Between the early 60s and late 90s the incidence of obesity doubled, leading to a staggering amount of obesity-related health risks such as type 2 diabetes, heart disease, and urinary incontinence.
No one denies the health benefits of weight loss for patients diagnosed with type 2 diabetes and heart disease, but does weight loss really help overweight and obese patients gain more control of their bladders? The answer might depend on the age of the patient.
Modest weight loss can reduce both urge and stress urinary incontinence in middle-aged women
A randomized trial published in 2009 studied 338 women with a mean age of 53 ± 11 years, a BMI between 25 and 50, and who reported 10 or more urinary incontinence episodes in a week. Participants were placed in either a six-month behavioral weight loss program (intervention group) or a structured four-session weight loss education program (control group).
The study results showed that women who lost just 8% of their body weight reported a 47% decrease in urinary incontinence episodes per week. The decrease in urinary incontinence episodes was mostly related to stress urinary incontinence (SUI) where the intervention group reported a statistically significant decrease of 57.6% compared to 32.7% in the control group (P=0.02, P<0.0001).
What’s more, there was a statistically significant difference (P=0.04) in the percentage of women in the intervention group (41%) reporting at least a 70% decrease in urinary urge incontinence (UUI) episodes per week compared to the control group (29%).
As an added benefit, women in the intervention group were also more satisfied with the change in their incontinence at the end of the study and perceived a greater reduction in the frequency of their urinary incontinence episodes.
With this study and a few others in mind, a new study of women between the ages of 70 and 79 was conducted to determine if the relationship between body composition and incontinence changed with age.
For women over 70, the impact of weight loss on incontinence is mixed
In December 2016, a study published in the Journal of the American Geriatrics Society set out to evaluate the cumulative effects of being overweight on the bladder by looking at the relationship between body composition (BMI and body fat composition) and muscle mass (as measured by grip strength) with the incidence of stress urinary incontinence and urinary urge incontinence. Participants were followed for three years and included 1475 women between the ages of 70-79 when the study commenced.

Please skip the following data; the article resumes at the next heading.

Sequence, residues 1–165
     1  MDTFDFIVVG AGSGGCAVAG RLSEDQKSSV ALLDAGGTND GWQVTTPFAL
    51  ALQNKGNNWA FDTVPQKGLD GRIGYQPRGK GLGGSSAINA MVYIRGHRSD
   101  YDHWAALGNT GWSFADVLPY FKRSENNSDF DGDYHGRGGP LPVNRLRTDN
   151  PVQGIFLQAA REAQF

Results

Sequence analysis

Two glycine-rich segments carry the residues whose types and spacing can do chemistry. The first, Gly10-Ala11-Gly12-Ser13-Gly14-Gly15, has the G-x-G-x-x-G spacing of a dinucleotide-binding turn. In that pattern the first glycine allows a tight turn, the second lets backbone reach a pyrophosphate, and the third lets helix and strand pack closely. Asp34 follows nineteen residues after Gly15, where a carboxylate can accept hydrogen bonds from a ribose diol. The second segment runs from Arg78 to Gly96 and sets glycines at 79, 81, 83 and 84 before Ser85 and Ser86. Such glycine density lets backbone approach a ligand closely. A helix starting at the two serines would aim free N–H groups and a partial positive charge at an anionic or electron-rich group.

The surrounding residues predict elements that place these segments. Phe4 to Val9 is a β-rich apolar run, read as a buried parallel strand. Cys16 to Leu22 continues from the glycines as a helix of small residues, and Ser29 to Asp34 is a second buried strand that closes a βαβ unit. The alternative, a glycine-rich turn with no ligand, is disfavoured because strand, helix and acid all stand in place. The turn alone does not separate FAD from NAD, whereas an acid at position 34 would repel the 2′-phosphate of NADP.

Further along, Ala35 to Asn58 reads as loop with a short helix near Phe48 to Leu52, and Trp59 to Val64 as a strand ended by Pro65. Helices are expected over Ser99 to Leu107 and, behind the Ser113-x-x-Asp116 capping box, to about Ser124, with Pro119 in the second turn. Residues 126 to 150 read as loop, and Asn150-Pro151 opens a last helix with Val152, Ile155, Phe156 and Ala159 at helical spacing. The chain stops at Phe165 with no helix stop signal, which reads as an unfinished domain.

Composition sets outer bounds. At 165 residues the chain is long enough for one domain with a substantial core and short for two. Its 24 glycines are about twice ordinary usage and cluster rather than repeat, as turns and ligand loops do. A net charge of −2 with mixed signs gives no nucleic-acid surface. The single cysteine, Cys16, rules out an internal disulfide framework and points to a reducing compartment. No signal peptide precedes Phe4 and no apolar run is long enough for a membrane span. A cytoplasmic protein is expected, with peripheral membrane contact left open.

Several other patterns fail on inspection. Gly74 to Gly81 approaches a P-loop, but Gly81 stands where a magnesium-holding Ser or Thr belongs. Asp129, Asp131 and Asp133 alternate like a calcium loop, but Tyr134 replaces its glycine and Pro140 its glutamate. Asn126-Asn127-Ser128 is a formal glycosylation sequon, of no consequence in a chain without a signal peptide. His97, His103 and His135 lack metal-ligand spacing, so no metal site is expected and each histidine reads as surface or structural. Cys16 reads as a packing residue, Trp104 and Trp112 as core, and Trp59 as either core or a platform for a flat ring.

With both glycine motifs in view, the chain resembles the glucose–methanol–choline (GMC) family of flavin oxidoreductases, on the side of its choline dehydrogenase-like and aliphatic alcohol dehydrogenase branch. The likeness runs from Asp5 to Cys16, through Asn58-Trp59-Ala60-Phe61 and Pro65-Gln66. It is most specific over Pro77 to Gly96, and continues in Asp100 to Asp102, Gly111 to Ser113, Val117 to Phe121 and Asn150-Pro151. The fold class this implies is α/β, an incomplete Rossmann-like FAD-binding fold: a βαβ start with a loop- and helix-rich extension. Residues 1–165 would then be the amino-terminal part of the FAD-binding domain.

SUI and UUI were twice as common among women with the highest BMI or greatest proportion of body fat. However, modest fat loss or reduction in BMI (5% in this study), curbed new or persistent SUI (AOR 0.46, 95% CI 0.25-0.85, P=0.01). A decline in grip strength, as a recognized indicator of overall muscle strength, was also associated with higher risk of new or persistent stress incontinence (AOR 1.94, 95% CI 1.23-3.05, P=0.004), which might indicate that maintaining muscle mass could protect older women from the development or progression of SUI as they age.
The news was not so great for participants reporting UUI episodes. For women over 70, a 5% decrease in BMI was not associated with a reduction in the incidence of new or persistent UUI (AOR 0.82, 95% CI 0.55-1.21, P=.31). Also, a decline in grip strength was not associated with increases in the incidence of UUI (AOR 1.12, 95% CI 0.79-1.57, P=0.53).
One of the goals of the study was to provide information to help clinicians talk to their patients about how changing their weight, body composition, and muscle strength could affect their chances of developing incontinence as they age. But older patients with urinary urge incontinence should not lose hope. There are options to help reclaim bladder function in patients suffering from urinary urge incontinence and other symptoms of overactive bladder (OAB) such as urinary urgency and urinary frequency.
Urgent PC is an effective option for virtually all patients with overactive bladder symptoms
Not all OAB treatment options are appropriate for the elderly. Some, like drugs, are associated with troubling potential side-effects while others carry the risks of surgery. In contrast, Percutaneous Tibial Nerve Stimulation (PTNS) with the Urgent PC Neuromodulation System is a very low-risk option for virtually all OAB patients.
Urgent PC is proven clinically effective in up to 80% of patients, regardless of age or gender. In fact, in a small study assessing whether age impacts response to Urgent PC, octogenarians were equally likely to respond to Urgent PC, as their younger cohorts.
Urgent PC is indicated for the treatment of Overactive Bladder and associated symptoms of urinary urgency, urinary frequency and urge incontinence. Treatment with Urgent PC is contraindicated for patients with pacemakers or implantable defibrillators, patients prone to excessive bleeding, patients with nerve damage that could impact either percutaneous tibial nerve or pelvic floor function or patients who are pregnant or planning to become pregnant during the duration of the treatment. Most patients don't experience side-effects. If side-effects occur, they are typically temporary and include mild pain and skin inflammation at or near the stimulation site. Caution: Federal law (USA) restricts this device to sale by or on the order of a physician. For complete instructions for use, storage, warnings, indications, contraindications, precautions, adverse reactions and disclaimer of warranties, please refer to the insert accompanying each product or online at www.cogentixmedical.com. Models are for illustrative purpose only. Urgent is a registered trademark of Cogentix Medical. © 2017 Cogentix Medical. All rights reserved.